The Peggy Lee Band: Invitation
Confident leadership involves many things, among them being able to marshal one's charges and get the best performances out of them, and being secure enough in one's own abilities to readily share the spotlight with talented colleagues. With that in mind, Peggy Lee shows herself to be the quintessential leader on the Vancouver-based musician's fifth band date Invitation. Her cello playing is very much present but often an element within the larger whole, and throughout the album her outstanding band members are granted ample opportunity to demonstrate their individual prowess. The eleven-track recording impressively showcases The Peggy Lee Band as a polished ensemble deftly capable of bringing Lee's compositions and arrangements to life.
It's telling that she gives the solo spots in the opening numbers to band members before stepping up near the end of the second track on the aptly titled “Your Grace,” which nicely documents the group's legato playing style. A lustrous horns arrangement in “Invitation” opens the album, inviting the listener in as the band, led by Jon Bentley's tenor sax, gives a languorous reading of Lee's tune. “Why Are You Yelling?” segues from out-styled (a dissonant chicken-scratch guitar intro) to comparatively more conventional episodes, with trombonist Jeremy Berkman given an unaccompanied moment in the spotlight. “Chorale” opens in stately ballad mode before recasting itself as a spooky noisefest before leaving the goblins behind and returning to the burnished warmth of the intro. The feathery purr of Bentley's tenor sax at the start of “Little Pieces” recalls Coltrane's Ballads, while the bluesy “Punchy” gives Bentley room to burn off steam.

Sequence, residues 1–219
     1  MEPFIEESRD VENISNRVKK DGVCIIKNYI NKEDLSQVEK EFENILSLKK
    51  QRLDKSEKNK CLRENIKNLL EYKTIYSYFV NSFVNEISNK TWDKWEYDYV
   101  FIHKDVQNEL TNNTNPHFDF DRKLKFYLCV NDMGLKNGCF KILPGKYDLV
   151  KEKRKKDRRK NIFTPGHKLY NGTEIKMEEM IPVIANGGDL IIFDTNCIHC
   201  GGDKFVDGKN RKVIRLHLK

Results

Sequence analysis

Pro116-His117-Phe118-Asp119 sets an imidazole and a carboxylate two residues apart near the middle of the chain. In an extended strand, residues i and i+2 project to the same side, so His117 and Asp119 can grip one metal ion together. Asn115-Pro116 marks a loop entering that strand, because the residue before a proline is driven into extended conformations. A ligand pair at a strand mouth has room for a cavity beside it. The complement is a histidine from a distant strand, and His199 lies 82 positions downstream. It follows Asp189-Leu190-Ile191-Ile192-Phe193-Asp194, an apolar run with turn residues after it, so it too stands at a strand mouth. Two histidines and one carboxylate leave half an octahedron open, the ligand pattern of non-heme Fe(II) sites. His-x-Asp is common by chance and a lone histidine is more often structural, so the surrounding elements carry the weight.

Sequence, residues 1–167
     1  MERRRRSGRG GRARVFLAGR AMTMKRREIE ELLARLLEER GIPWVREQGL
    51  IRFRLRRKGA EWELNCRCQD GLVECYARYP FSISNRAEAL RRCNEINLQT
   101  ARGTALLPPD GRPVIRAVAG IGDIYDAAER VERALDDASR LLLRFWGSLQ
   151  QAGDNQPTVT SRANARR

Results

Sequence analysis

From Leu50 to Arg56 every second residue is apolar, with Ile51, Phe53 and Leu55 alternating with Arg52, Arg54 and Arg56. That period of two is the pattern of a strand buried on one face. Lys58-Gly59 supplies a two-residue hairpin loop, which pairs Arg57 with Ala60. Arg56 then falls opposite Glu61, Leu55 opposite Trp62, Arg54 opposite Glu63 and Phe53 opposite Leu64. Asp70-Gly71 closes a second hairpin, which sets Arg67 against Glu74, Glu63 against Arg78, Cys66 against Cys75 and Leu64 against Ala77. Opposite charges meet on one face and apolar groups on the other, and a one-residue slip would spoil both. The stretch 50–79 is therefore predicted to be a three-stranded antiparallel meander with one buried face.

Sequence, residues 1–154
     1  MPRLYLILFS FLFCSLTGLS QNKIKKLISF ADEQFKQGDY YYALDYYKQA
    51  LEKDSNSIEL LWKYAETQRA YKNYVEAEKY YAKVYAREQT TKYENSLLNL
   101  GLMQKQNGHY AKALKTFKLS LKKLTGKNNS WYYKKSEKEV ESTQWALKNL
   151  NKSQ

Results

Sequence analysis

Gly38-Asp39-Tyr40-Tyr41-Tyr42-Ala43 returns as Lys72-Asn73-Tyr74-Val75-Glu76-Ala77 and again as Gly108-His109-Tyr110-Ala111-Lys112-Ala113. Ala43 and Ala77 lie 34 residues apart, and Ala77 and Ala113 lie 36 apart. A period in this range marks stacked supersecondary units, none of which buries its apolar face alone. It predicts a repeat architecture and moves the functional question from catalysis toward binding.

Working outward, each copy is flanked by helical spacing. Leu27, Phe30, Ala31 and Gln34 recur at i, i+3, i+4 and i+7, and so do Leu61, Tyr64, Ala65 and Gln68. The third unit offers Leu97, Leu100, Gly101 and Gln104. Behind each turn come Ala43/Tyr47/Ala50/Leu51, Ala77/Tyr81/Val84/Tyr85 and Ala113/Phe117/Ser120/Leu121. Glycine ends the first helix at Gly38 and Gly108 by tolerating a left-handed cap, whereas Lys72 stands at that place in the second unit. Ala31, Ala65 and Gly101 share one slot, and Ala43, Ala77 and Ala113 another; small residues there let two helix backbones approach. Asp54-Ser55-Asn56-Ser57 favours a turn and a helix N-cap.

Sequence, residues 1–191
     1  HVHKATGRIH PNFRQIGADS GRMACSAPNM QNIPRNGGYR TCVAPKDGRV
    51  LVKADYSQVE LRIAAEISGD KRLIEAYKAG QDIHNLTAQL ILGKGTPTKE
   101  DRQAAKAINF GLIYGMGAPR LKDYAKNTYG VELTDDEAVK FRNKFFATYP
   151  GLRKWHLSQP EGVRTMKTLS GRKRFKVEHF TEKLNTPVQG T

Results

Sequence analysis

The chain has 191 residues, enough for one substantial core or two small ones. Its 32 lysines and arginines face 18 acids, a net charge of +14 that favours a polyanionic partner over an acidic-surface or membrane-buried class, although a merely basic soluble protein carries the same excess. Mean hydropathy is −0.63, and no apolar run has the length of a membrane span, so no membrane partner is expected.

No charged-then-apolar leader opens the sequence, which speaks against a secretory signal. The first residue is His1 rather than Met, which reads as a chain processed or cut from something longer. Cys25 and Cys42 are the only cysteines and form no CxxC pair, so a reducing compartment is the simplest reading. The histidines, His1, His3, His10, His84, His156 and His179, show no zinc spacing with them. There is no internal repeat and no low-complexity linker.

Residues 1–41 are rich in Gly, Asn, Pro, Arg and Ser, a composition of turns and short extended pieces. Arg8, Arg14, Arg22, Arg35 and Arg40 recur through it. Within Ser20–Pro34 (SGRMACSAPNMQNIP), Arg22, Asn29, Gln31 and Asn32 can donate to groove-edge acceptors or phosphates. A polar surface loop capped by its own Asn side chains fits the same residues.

At times an avant sensibility enters into the playing (such as during the collective textural improvisation with which “Not So Far” begins and when the playing of guitarists Tony Wilson and Ron Samworth moves to the fore), but more often than not the ensemble hews to an accessibly sonorous jazz style. Other highlights include “You Will Be Loved Again,” Lee's affecting rendering of a composition by Canadian songstress Mary Margaret O'Hara (Lee also has a collaborative project underway with vocalist O'Hara called Beautiful Tool), and the soulful closer “Warming,” which serenades with its sultry lilt.Like others before her (Duke Ellington and Carla Bley come immediately to mind), Lee conceives of the pieces as compositions first of all while also tailoring their arrangements to specific voices within her band, a superb gathering of Canadian players who bring to Lee's material the respect and commitment it warrants. Theirs is a warm and rich sound (consider the horns and woodwind playing on “Path of a Smile” as proof), and though the band's an octet, the music never feels overcrowded when Lee takes such care in the fashioning of her arrangements.